I’m going to state the obvious here, sewing machines have lots of moving parts, and most of us have no idea what they do! Be gentle when cleaning. Simple mechanical machines like the Juki TL QVP Mini straight stitch are more robust. But newer computerised machines such as the Juki DX7 and NX7 have sensitive parts like sensors that can be damaged by rough cleaning. So be gentle. Take your time. If in doubt, stop and get advice online, from the manual or a knowledgeable friend.
Make a point of getting your machine serviced regularly. Machine technicians can get to all the places that we can’t access and give your machine a thorough clean. Once your machine is nice and clean we can move on to oiling.
Oiling your sewing machine
Some machines need regular oiling and some do not. If you’re wondering whether to oil or not to oil, read your manual. If you’ve lost your paper copy you can usually find an online version. As a rule of thumb, non-computerised mechanical machines DO require oiling. The Juki straight stitch machines in the TL series DO need regular oiling.
Most computerised machines do NOT need oiling, these machines are self lubricating. The Juki DX series and the new Juki NX Kirei fall into this category. They are self lubricating. They have been sorted at the factory and any additional oiling or lubrication can be taken care of by a shop mechanic when you take it in for its regular check up.
Juki machines come with a plastic container of sewing machine oil. You can also purchase this clear sewing machine oil from sewing machine shops or online. Your manual will show you exactly where to oil your machine.
Changing the needle
Changing your needle is one of the most important ways you can keep your machine performing well. With normal use, needles get dull, bent and damaged. They should be changed every 8 hours or at the start of every new project. I make a point to change my needle each time that I clean my machine.
Once again, your manual will show you how to change the needle on your machine. Usually the flat side of the needle faces away from you. This is true for the HZL DX series and the Juki NX7. But on the Juki semi industrial TL straight stitch machines, the flat side of the needle faces towards the right. Refer to the manual. When you change the needle make sure that the needle is pushed all the way up and that the screw is tight enough to hold the needle secure.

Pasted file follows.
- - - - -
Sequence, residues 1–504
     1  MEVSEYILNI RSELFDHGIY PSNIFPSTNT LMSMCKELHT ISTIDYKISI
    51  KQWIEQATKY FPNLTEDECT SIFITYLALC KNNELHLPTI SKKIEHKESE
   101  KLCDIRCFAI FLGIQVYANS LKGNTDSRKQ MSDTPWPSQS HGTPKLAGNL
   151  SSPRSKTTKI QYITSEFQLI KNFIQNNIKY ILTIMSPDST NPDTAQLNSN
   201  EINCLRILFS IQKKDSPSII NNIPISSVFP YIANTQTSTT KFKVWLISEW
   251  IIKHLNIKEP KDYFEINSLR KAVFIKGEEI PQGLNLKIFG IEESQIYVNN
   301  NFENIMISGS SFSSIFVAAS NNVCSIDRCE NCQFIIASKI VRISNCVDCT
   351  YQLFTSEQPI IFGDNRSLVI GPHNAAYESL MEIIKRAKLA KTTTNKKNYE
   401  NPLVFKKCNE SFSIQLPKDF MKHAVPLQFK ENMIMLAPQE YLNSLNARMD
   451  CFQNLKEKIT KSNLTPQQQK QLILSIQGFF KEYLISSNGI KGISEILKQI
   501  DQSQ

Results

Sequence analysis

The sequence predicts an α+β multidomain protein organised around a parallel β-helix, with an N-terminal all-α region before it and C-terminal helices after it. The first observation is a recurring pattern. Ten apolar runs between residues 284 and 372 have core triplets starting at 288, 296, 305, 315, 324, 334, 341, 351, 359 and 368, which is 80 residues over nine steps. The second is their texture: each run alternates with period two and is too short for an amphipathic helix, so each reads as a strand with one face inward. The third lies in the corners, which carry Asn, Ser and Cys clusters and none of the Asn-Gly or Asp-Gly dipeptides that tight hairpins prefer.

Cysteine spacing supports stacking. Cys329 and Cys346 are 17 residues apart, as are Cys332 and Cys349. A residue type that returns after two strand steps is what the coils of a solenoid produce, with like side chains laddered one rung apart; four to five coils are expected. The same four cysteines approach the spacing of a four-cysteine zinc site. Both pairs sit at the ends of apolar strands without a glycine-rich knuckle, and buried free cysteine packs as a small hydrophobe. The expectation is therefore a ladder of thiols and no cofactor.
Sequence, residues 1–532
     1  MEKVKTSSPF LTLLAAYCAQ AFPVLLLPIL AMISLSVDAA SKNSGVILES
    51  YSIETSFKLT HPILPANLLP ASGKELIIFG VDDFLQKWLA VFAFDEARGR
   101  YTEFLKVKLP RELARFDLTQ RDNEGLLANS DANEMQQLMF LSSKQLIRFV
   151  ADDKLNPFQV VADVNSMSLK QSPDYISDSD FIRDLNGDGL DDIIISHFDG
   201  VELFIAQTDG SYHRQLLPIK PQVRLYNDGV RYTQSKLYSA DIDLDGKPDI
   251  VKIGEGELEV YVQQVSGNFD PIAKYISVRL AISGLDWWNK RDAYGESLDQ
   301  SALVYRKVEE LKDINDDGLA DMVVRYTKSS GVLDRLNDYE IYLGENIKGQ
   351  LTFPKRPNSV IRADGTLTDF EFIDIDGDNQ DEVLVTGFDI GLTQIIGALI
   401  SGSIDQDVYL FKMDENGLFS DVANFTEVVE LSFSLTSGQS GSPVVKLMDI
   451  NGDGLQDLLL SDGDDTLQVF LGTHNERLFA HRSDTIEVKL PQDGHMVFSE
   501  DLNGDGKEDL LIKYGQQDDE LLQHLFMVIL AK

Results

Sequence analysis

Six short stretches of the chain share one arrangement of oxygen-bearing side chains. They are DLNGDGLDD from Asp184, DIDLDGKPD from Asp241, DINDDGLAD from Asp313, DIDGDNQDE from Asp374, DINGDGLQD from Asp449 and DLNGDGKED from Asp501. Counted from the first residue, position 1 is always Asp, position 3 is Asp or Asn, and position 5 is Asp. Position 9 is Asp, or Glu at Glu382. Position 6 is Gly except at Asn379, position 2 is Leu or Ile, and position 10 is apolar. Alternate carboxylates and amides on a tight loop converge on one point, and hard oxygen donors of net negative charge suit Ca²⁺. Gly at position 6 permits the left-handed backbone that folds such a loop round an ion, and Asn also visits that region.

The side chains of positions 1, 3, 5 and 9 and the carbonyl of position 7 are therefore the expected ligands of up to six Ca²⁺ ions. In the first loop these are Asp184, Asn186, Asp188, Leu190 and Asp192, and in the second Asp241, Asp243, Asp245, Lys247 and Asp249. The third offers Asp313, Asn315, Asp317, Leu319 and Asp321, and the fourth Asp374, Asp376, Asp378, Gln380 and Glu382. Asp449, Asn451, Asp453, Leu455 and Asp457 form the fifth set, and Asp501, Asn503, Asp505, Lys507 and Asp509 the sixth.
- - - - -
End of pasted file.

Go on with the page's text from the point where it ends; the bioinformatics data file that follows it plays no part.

Be sure that you are using the right needle for the job. There are different types of needles. And each type of needle has different sizes. The needle type has to do with the the fabric you are using while the needle size usually corresponds to the thread weight. Consider the fabric that you are stitching and get the appropriate needle.
Next think about the thread, If you are using a fine thin thread you can use a needle with a small eye. If you are using a thicker thread you will need a needle with a bigger eye. Bear in mind that the higher the thread weight, the thinner the thread. If you are shredding your thread, it is likely that you are using a needle with too small of an eye.
Needle types and sizes
Using the right type of needle makes all the difference. The Schmetz graph below shows all the different needle types and gives you an idea of the fabrics that they work well with.
The following video clip shows how easy it is to perform basic sewing machine maintenance on the Juki TL 2200 QVP Mini straight stitch sewing machine. See how we clean, oil and change the needle on my favourite quilting machine.